Intel later this year will begin selling a chip customized to mine bitcoin and other cryptocurrencies, the company said Friday. Initial customers include payment processor Block (formerly Square) and two mining companies, Argo Blockchain and Griid Infrastructure.
It's a major bet for the company on a technology that could change finance and, with a cryptocurrency-related idea called NFTs, alter how we own digital assets. Cryptocurrencies and NFTs are plagued by fraud and theft problems, but Intel hopes to address another major drawback, their extraordinarily large energy consumption.
With cryptocurrencies, mining is a computationally taxing process that records transactions onto a widely shared database called the blockchain. The first miner to solve a complex computing problem is rewarded with newly minted cryptocurrency. That means there's a strong incentive to have the most powerful machines -- and also the most efficient, since electrical power costs are heavy.
One of Intel's top rivals, graphics-chip maker Nvidia, has profited handsomely from cryptocurrency mining. Indeed, miners' appetite for its graphics processing units (GPUs) has made it hard for gamers to find graphics cards. But major suppliers of cryptocurrency mining hardware, like Goldshell, MicroBT and Bitmain, use processors called application specific integrated circuits (ASICs) customized for mining.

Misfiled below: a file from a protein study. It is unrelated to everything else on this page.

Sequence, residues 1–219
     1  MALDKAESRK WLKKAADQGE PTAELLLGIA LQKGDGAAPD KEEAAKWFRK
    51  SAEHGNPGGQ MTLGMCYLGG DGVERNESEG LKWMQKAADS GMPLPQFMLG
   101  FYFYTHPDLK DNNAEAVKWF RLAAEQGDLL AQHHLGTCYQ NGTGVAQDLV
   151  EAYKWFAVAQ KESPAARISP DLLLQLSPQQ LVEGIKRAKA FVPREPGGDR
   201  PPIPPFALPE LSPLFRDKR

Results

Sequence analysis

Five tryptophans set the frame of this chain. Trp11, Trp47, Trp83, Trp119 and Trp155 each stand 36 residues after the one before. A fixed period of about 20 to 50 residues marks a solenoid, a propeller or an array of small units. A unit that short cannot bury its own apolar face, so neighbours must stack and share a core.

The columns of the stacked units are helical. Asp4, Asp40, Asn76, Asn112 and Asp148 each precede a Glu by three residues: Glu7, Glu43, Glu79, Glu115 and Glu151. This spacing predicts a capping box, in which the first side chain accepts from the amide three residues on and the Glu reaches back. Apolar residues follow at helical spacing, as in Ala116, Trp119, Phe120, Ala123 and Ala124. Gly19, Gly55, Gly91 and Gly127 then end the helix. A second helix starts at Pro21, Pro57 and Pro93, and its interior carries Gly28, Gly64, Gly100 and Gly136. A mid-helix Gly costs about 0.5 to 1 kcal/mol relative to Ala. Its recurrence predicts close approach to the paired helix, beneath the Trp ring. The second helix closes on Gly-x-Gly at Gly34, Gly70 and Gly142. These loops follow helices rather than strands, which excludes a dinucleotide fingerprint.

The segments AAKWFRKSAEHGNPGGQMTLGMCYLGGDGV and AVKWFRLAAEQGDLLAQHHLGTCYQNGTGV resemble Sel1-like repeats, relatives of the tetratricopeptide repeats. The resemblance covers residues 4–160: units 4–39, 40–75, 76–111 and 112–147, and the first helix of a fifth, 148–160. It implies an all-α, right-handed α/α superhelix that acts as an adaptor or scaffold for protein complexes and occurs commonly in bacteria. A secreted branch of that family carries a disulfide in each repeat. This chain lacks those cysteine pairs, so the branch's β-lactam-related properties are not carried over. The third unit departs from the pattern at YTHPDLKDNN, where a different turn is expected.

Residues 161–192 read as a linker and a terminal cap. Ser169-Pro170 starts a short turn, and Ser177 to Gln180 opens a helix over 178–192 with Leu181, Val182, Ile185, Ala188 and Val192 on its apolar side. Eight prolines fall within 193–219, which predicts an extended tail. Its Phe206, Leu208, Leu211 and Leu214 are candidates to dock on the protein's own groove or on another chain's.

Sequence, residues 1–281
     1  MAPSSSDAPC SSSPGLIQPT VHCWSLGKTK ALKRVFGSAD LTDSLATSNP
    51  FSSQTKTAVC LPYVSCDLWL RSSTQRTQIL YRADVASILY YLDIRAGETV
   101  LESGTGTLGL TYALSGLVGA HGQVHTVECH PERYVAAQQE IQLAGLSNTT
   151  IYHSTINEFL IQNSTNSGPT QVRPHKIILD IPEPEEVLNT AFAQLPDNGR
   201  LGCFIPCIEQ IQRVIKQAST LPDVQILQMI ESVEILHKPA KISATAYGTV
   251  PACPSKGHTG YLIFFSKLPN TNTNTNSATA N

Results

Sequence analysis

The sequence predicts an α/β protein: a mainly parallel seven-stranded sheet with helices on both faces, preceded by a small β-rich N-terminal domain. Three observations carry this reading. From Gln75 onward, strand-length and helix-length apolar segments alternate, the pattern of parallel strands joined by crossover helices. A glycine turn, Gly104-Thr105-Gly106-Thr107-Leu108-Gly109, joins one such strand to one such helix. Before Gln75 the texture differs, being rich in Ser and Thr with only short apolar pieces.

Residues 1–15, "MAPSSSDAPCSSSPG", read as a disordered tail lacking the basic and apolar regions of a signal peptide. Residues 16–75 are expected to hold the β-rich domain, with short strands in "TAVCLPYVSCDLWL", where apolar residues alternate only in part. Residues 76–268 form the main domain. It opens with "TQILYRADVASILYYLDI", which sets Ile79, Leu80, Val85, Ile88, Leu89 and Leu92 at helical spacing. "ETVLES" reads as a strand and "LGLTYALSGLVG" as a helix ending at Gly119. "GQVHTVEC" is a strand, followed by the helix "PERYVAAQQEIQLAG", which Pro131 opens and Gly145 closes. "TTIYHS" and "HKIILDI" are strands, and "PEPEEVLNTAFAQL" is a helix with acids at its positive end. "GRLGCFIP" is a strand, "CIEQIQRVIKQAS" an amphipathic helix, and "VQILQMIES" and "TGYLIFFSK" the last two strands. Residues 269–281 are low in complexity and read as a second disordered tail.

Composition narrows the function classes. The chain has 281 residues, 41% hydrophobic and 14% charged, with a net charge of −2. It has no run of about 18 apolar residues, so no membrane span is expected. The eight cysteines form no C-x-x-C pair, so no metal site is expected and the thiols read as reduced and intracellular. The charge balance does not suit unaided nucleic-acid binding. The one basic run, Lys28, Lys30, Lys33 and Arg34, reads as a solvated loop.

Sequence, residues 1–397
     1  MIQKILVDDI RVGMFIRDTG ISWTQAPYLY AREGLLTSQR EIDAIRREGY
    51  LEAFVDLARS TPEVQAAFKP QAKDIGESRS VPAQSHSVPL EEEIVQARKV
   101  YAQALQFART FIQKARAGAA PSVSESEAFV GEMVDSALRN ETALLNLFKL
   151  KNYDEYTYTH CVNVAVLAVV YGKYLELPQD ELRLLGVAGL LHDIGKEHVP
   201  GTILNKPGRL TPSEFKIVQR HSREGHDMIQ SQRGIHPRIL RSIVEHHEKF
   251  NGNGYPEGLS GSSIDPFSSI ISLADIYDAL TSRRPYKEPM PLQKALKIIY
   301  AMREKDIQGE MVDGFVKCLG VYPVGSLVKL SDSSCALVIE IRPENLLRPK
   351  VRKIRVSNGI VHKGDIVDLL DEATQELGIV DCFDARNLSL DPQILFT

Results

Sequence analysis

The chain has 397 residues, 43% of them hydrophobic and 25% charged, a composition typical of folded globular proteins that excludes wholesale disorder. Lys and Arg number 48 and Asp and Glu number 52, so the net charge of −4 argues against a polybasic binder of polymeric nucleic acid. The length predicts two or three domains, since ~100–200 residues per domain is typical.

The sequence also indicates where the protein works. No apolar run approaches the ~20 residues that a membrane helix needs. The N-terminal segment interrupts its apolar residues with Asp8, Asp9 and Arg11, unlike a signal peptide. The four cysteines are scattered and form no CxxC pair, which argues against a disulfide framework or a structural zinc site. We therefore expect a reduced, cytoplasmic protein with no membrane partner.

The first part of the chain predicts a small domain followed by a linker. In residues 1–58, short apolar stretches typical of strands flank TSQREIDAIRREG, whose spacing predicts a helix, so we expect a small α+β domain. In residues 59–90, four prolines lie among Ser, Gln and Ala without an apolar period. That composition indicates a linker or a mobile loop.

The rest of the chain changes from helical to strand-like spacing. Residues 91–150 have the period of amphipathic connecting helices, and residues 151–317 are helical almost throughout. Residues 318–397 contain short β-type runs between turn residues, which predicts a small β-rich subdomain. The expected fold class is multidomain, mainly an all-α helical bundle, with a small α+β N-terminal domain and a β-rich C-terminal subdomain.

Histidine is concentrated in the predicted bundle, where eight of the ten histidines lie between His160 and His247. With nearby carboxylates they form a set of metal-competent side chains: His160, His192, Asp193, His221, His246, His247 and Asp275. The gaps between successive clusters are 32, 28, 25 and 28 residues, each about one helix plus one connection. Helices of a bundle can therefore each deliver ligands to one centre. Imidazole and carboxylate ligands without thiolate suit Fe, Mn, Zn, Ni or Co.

Cryptocurrency mining uses gargantuan quantities of power, with a current estimated rate of 125 terawatt hours per year, according to an estimate by Cambridge University's Bitcoin Electricity Consumption Index. For comparison, that's as much as the 2020 electricity consumption of Norway, a nation with 5.5 million people, according to the Energy Information Administration (EIA).
And that doesn't even include mining other cryptocurrencies like ether and dogecoin.
Intel hopes its chip will help with the energy consumption problem.
"We are mindful that some blockchains require an enormous amount of computing power, which unfortunately translates to an immense amount of energy," said Raja Koduri, the senior vice president in charge of Intel's Accelerated Computing Systems and Graphics Group, in a blog post. "Our customers are asking for scalable and sustainable solutions, which is why we are focusing our efforts on realizing the full potential of blockchain by developing the most energy-efficient computing technologies at scale."
An efficiency boost may help miners cut costs and reduce power consumption that worsens global climate crisis problems and deprives others of affordable power. But don't expect a radical improvement in the environmental impact of mining.
That's because cryptocurrency's prevailing "proof of work" approach means the difficulty of the computing problem miners must solve increases as more computing horsepower arrives to solve it. That's in stark contrast to conventional computing, where power and efficiency gains means computers can deliver better video game graphics, tackle new challenges like artificial intelligence, and expand to new markets like smartwatches.
And ASICs by their nature are designed for a specific purpose, which in the case of cryptocurrency miners means they're useless once they're superseded by new models. Right now bitcoin mining generates electronic waste at a rate of 31,000 tons per year, according to Digiconomist's Bitcoin E-waste Monitor.